(2013) Promoting effective teacher-TA partnerships through collaboration and mutual professional development. University of Southampton, Southampton Education School, Doctoral Thesis, 351pp.

Record type: Thesis (Doctoral)

Abstract

This research study focuses on the partnership between teachers and teaching assistants working in the secondary mathematics classroom. The impact teaching assistants (TAs) have on student learning and progress has been a widely debated topic and the focus of previous research studies. The publication of results from the deployment and impact of support staff (DISS) project (Blatchford et al. 2009) has renewed the focus on the impact and management of TAs. The DISS study concluded that TAs have a negative impact on the progress of students, but also highlighted that this outcome was inconsistent with the perception of teachers who felt that TAs have a positive impact on student behaviour and engagement. Blatchford et al concluded that the negative impact of TAs could be caused by a lack of training of TAs and a lack of understanding by teachers about the most effective way to utilise TAs in the classroom. They recommended that further research into the work of TAs and an increased focus on the training and professional development of both teachers and TAs was needed.

A questionnaire was employed to provide information about existing working practices of teachers and TAs and a multiple embedded case study methodology was subsequently utilised to analyse three teacher-TA partnerships which are considered effective, in order to identify which characteristics of the way they work collaboratively encourage effective partnerships and practices. One of the main outcomes from this research is the identification of 40 factors which contribute towards the development of effective teacher-TA partnerships. The importance of each of these factors in the development of effective partnerships was assessed using aspects of multi-attribute utility theory. A self-evaluation tool for teachers and TAs was then developed based on these outcomes. The self-evaluation tool gives teachers and TAs the opportunity to quickly and easily assess their current practice and identify a focus for their future professional development, encouraging the development of an effective partnership.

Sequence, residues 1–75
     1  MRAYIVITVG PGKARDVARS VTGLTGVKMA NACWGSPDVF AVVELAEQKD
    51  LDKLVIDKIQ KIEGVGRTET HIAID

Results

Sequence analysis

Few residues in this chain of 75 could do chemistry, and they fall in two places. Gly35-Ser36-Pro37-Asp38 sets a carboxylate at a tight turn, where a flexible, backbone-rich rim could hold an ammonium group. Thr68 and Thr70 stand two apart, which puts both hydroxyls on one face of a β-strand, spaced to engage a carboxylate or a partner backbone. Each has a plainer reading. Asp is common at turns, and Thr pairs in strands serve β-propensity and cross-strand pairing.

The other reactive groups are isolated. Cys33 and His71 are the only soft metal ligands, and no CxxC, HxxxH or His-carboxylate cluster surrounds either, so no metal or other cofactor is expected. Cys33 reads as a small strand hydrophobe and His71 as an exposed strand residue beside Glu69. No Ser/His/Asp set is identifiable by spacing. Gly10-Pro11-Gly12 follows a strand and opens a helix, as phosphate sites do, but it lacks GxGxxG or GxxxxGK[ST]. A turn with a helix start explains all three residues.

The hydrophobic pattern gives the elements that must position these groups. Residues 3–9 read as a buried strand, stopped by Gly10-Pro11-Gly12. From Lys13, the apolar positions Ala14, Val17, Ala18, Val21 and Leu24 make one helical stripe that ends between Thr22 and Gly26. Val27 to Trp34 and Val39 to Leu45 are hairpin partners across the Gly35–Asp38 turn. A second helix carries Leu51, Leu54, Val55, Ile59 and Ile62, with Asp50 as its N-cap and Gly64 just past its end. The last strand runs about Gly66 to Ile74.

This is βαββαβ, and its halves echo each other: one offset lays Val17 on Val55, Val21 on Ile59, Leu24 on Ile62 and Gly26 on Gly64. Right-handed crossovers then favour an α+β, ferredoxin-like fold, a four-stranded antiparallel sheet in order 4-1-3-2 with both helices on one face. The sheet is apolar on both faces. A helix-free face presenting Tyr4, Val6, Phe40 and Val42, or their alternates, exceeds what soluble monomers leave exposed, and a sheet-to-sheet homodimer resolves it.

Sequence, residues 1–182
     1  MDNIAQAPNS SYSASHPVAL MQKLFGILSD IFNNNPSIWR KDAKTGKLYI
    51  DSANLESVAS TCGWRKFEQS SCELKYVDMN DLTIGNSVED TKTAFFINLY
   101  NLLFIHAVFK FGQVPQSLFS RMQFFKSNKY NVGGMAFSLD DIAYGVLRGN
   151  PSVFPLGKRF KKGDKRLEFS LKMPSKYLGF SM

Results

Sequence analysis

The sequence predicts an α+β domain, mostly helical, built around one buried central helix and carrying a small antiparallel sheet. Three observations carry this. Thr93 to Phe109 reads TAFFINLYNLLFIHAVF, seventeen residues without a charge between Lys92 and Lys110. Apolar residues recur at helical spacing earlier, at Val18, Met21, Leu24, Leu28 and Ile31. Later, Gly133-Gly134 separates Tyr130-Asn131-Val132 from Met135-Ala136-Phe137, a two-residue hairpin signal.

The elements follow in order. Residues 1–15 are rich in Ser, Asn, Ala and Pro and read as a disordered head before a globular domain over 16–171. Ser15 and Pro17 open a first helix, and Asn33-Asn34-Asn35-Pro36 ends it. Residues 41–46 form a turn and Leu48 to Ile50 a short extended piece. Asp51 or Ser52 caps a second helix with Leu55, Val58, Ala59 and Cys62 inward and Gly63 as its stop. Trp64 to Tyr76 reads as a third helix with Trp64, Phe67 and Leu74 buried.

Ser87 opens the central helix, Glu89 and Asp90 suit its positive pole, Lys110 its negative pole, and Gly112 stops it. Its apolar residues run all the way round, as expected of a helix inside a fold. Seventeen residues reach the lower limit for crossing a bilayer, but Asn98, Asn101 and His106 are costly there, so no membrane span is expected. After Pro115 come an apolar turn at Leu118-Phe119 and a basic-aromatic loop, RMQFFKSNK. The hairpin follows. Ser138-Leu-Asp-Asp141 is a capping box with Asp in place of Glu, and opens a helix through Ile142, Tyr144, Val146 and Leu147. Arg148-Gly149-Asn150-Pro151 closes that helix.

TAs are ideally positioned to have a significant positive impact on the progress and learning of students but, at present, the positive perceptions by teachers of TA support are not evidenced in students’ progress or learning. It is imperative for the future of the TA role that partnerships between teachers and TAs become more effective, as the improved partnerships will likely impact upon student progress and learning. The selfevaluation tool, developed in this research study, is designed to impact on the effectiveness of these teacher-TA partnerships through mutual professional development.

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More information

Published date: June 2013
Organisations: University of Southampton, Southampton Education School

Identifiers

Local EPrints ID: 358761
URI: http://eprints.soton.ac.uk/id/eprint/358761
PURE UUID: 0cc48be8-f6ff-4dbf-a062-0af7ddb970d4

Catalogue record

Date deposited: 11 Nov 2013 17:06
Last modified: 18 Jul 2017 03:27